NGOs join forces to tackle capital punishment at Iran’s rights review
Four years ago, 29 of the recommendations addressed to Iran by the world’s nations at its Universal Periodic Review of human rights (UPR) related to the death penalty. Iran accepted three, and activists monitoring the country found that only one – the exclusion of some religious offences from capital crimes – has been implemented.
Through increased co-ordination and targeted international advocacy, they believe Iran and the international community can do better at the new UPR session this Friday.
Among the documents forming the basis the discussion, a detailed report submitted to the UN Human Rights Council by the Advocates for Human Rights on behalf of the World Coalition and four of its members explains how many aspects of the administration of the death penalty in Iran violate international human rights law.
Iran Human Rights (IHR), one of the report’s author organisations, also delivered a statement on their behalf at Iran’s pre-UPR session on October 8 (photo above), recommending specific action on issues such as executions by stoning or those targeting ethnic minorities.
“Representatives from many countries took part, including the Islamic Republic. My understanding is that the death penalty is once again going to be a main focus of the world’s recommendations to Iran,” said IHR’s spokesman Mahmood Amiry-Moghaddam.
Focus on public and drug-related executions
At the previous UPR, many countries called on Iran to respect broad human rights principles. “This year, our goal has been to address both principled areas as well as more detailed ones: for example, public executions, the death penalty for drug-related charges and the lack of right to appeal in those cases,” Amiry-Moghaddam added.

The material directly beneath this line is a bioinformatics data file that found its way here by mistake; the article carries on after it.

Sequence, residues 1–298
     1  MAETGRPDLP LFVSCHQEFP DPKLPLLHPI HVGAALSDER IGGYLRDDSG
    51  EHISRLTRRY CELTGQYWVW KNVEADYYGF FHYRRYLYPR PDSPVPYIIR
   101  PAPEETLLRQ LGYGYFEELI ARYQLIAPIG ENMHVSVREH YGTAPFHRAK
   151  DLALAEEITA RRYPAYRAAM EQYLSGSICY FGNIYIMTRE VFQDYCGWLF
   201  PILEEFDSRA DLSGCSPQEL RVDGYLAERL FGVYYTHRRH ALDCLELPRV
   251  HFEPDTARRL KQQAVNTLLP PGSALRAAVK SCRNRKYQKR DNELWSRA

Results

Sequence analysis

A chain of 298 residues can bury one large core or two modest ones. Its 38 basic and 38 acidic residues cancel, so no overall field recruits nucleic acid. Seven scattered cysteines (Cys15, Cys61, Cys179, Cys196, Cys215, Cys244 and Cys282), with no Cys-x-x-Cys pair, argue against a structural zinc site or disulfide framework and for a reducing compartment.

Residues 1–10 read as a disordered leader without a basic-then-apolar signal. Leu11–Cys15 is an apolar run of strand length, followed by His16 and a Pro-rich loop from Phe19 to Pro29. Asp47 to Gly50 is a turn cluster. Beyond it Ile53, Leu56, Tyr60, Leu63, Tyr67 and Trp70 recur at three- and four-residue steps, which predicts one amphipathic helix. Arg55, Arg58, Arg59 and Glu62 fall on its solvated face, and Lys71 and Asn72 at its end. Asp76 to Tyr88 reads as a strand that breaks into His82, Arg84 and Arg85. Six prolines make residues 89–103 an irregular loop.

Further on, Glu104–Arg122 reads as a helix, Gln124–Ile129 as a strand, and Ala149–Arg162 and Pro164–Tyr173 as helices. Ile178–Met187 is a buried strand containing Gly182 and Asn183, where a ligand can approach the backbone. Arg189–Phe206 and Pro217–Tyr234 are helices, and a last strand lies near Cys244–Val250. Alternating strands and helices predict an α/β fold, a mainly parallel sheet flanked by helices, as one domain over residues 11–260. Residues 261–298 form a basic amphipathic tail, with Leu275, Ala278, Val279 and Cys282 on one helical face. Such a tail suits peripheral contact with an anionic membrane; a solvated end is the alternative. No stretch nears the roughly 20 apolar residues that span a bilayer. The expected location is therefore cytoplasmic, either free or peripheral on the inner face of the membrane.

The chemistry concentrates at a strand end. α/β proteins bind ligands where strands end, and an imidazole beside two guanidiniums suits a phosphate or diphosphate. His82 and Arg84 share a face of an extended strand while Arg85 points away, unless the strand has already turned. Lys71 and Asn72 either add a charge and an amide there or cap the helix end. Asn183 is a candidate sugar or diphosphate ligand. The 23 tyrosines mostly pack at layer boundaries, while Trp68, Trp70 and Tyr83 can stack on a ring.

More broadly, IHR is one of four World Coalition members among the 13 NGOs who have joined forces to improve the international community’s response to human rights abuses in Iran through the ImpactIran campaign.
“We have been working together to help the UN’s special rapporteur on Iran to compile his reports, to prepare for the UPR, to meet member states’ delegations and suggest recommendations to them or go and speak before their parliaments,” said Taimoor Aliassi, representative to the UN for the Association for Human Rights in Kurdistan of Iran-Geneva (KMMK-G).
The members of ImpactIran say increased coordination has helped them achieve a wider international reach and stronger impact through joint submissions to the UN – and they will keep up the co-operation in the future to monitor the implementation of UPR recommendations, as they have begun to do on a striking visualization website.
“Iran will make more promises, and we will continue to cooperate with the UN and the World Coalition to check that they are kept – and to denounce that those human rights violation that will unfortunately continue,” said Aliassi.
Photo: JFI/Iran HR
CategoriesIran (Islamic Republic of)